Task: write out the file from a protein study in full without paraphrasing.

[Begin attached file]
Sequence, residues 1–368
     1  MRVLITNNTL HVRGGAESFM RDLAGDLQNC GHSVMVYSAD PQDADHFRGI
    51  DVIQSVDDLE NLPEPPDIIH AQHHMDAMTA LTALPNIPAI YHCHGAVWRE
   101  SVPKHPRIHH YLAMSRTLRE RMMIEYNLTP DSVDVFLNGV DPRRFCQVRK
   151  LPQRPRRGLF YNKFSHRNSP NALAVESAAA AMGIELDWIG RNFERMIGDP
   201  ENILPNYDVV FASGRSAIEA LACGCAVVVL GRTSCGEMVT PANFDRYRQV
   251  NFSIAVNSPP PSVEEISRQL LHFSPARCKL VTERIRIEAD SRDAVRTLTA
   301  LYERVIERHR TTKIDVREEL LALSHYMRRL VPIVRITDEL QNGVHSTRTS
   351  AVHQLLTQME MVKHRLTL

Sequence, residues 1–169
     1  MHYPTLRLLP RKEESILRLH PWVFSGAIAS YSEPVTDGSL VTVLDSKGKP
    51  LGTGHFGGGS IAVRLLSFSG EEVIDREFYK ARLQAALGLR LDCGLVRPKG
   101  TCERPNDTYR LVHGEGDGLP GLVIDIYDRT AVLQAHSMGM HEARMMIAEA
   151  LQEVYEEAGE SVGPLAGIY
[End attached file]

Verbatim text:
Sequence, residues 1–368
     1  MRVLITNNTL HVRGGAESFM RDLAGDLQNC GHSVMVYSAD PQDADHFRGI
    51  DVIQSVDDLE NLPEPPDIIH AQHHMDAMTA LTALPNIPAI YHCHGAVWRE
   101  SVPKHPRIHH YLAMSRTLRE RMMIEYNLTP DSVDVFLNGV DPRRFCQVRK
   151  LPQRPRRGLF YNKFSHRNSP NALAVESAAA AMGIELDWIG RNFERMIGDP
   201  ENILPNYDVV FASGRSAIEA LACGCAVVVL GRTSCGEMVT PANFDRYRQV
   251  NFSIAVNSPP PSVEEISRQL LHFSPARCKL VTERIRIEAD SRDAVRTLTA
   301  LYERVIERHR TTKIDVREEL LALSHYMRRL VPIVRITDEL QNGVHSTRTS
   351  AVHQLLTQME MVKHRLTL

Sequence, residues 1–169
     1  MHYPTLRLLP RKEESILRLH PWVFSGAIAS YSEPVTDGSL VTVLDSKGKP
    51  LGTGHFGGGS IAVRLLSFSG EEVIDREFYK ARLQAALGLR LDCGLVRPKG
   101  TCERPNDTYR LVHGEGDGLP GLVIDIYDRT AVLQAHSMGM HEARMMIAEA
   151  LQEVYEEAGE SVGPLAGIY